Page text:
Erik put out a hand and laid it on her leg in a comforting gesture. "Shame. Guido was such a good man. And a dedicated French learner, I must say. How's the family going afterward? His wife, Katerina?"
"At the time of the letter it was fairly recent, so I wouldn't really know now. I hope she's going well." She sighed, but immediately looked back down at the next letter. "Marie wrote one too. She's doing well, but finding the girls aren't as attentive in her new job."
"If I know anything about Marie, which I do, I'm sure she'll be able to get them into shape in a little while."
Cecily laughed. "Yes, I'm quite sure of that. She also writes that Meg and Daniel have another boy. They named him Gaston Louis Alfred Leroux. Says he's a plump little jolly boy. That makes what, five children now?"
"I do believe so." He shook his head in amusement. "And the last letter?"
"Addressed to you," she said, handing him the letter. "I didn't even peek."
Erik took his time in opening it, knowing it drove his wife crazy with curiosity. "Even if you had, I'm sure it's all in English. But hold on, love, the letter will say the same thing now or later. And I'm rather hungry. How about we go out to eat and deal with this later?"
"Erik! You fiend! Open the letter! I've been itching to do it since I got the mail, but I've been good, so don't be so cruel to me!"
He went over and kissed her. "I could never be cruel to you. So dinner?"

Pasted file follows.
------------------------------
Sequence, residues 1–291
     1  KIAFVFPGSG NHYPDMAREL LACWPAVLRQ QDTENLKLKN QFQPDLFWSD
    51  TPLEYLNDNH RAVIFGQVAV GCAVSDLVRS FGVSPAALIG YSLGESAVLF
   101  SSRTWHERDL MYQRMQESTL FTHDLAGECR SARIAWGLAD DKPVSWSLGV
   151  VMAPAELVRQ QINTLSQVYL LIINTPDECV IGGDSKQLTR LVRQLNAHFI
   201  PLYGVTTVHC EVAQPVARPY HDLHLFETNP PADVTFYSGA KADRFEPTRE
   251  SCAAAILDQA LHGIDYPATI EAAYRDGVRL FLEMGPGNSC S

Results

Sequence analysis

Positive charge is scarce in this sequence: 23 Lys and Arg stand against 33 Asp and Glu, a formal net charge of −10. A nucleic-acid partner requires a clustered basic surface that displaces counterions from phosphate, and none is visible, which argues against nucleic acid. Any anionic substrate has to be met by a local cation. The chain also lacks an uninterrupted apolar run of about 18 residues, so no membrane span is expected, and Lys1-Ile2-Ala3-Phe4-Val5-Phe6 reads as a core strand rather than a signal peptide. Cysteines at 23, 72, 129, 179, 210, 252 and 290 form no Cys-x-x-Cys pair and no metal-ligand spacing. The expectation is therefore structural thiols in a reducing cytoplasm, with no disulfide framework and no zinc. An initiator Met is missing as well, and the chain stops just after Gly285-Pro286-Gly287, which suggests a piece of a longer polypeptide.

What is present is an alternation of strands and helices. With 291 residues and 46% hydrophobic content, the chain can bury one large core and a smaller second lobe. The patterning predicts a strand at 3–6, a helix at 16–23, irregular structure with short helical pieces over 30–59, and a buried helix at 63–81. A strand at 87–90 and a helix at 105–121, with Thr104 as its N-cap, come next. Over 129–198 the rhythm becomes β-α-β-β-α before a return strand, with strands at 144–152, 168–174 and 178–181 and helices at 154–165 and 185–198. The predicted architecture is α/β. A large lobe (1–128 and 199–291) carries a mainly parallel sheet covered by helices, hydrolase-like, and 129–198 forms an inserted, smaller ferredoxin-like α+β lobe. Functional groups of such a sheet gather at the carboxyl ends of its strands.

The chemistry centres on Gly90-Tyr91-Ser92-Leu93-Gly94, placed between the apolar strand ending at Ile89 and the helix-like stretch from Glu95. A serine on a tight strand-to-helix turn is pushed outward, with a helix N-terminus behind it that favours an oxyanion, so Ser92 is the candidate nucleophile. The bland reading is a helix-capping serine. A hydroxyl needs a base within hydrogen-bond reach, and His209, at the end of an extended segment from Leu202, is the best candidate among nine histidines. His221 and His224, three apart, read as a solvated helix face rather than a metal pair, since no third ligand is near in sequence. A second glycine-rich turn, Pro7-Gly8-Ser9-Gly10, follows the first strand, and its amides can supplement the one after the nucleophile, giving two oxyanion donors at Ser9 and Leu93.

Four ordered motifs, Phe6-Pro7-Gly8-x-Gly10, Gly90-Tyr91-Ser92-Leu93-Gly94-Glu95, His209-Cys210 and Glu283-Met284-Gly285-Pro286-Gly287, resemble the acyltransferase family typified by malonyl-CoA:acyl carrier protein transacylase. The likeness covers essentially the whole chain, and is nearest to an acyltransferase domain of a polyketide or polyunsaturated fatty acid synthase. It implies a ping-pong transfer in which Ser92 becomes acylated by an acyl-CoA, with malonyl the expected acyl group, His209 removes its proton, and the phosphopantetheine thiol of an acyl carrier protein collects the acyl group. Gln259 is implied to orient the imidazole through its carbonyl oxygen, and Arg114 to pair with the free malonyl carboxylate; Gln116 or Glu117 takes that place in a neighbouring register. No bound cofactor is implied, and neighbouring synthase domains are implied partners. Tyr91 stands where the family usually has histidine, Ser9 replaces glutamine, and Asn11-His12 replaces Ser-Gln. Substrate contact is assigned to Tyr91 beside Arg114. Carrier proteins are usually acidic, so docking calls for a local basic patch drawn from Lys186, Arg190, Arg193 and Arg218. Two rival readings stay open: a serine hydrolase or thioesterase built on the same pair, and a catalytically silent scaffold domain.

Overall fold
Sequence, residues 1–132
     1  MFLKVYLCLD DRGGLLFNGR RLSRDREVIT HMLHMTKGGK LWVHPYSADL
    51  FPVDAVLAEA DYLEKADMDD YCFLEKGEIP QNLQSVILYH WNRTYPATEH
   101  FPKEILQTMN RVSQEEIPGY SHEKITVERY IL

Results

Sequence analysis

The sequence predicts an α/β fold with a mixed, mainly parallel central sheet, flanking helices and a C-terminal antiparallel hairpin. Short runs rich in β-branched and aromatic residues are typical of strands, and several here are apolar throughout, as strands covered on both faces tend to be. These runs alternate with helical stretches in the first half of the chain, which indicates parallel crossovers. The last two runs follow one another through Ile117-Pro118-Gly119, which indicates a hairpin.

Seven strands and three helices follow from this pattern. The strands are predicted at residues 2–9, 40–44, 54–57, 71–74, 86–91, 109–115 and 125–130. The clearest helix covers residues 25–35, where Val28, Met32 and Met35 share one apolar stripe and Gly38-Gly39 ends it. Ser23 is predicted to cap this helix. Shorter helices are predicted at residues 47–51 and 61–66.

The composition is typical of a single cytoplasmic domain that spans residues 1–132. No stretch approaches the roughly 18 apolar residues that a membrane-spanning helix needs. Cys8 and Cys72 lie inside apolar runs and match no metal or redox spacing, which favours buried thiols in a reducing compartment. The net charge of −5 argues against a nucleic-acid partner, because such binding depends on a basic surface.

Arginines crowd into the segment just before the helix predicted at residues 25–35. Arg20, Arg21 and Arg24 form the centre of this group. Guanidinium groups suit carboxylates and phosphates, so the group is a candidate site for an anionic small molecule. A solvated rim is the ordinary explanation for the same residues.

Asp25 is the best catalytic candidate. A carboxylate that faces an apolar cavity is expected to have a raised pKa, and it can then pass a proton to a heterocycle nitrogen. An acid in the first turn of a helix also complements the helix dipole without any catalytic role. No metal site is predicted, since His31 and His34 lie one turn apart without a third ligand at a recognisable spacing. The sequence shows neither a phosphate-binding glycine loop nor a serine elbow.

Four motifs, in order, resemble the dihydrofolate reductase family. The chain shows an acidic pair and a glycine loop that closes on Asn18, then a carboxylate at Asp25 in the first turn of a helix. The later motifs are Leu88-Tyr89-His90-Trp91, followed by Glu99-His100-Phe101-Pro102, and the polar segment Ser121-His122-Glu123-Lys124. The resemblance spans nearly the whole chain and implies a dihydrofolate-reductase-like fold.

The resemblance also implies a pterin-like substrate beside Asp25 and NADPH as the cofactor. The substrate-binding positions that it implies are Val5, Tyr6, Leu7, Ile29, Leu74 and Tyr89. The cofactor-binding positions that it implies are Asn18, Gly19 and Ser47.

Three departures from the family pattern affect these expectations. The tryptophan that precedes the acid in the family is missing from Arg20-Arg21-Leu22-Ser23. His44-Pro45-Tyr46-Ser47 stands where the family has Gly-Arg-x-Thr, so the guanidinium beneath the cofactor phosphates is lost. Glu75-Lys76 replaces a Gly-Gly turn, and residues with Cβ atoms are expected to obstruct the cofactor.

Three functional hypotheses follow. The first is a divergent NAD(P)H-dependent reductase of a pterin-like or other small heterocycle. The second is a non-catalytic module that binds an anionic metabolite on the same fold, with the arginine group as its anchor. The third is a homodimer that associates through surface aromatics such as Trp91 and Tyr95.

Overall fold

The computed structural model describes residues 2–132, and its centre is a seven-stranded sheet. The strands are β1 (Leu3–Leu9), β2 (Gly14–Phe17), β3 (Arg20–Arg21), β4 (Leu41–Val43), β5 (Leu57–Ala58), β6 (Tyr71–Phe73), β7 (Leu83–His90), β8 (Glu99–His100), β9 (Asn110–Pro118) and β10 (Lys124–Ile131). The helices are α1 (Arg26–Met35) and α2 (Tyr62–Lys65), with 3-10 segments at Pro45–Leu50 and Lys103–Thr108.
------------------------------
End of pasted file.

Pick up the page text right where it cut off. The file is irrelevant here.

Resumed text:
Laughing, he tore open the envelope. He had applied for a position in Juliard's School in New York, and the letter was almost sure to be a response. He scanned the letter for a moment, but didn't say a word. He didn't need to. Cecily could tell by the sparkle in his eye that it was an invitation to join the staff. He smiled and looked up at her. "So a little celebration dinner then?"
She stood up as quickly as she could, but he already had her arm and was helping her to stand by the time she threw her arms around him. "I suppose so, since I'm going to have to start packing up all the dishes now, so we can send them to New York. And we'll need to start looking for an apartment or whatever such thing is called in America. And…"
He put a finger to her lips. "All things for later. Come on now, we're going out."
He started to walk away, but she pulled on his hand. "Erik, just one thing."
"Does this mean I really must learn English?"
Laughing at her troubled face, he laughed. "Of course not my dear." She eyed him carefully, having not heard the answer she was expecting. "It means that you must learn American." Running into the bedroom to avoid her playful jabs, Erik laughed loudly, a sound echoed by his wife.
A/N: I hope, readers, that you have enjoyed this story. I hope to someday have the time and motivation to rewrite this story, weaving it together a little more tightly, but for now it will rest as it is. If you have any suggestions concerning anything from the grammar and spelling to the flow of events, please let me know, and I will consider them in my rewrite.
Once more, I hope that this history of the Opera Ghost and a chorus girl has pleased you to read as much as it has me to record.
In one note, the reference to Gaston Leroux is of course not entirely correct. He was the first child of four to Dominique and Marie (Bidault) Leroux, if my sources are correct. The name is correct, having taken Alfred from his father's middle name. He became a renowned writer and journalist, covering events such as the Russian Revolution for the Parisian journal Le Matin. In English, of course, he is most well known for the 1910 novel Le Fantôme de l'Opéra, but he is also the author of the first locked room mystery novel, Le Mystère de la Chambre Jaune (The Mystery of the Yellow Room) (1907).
Merci et à la prochaine fois,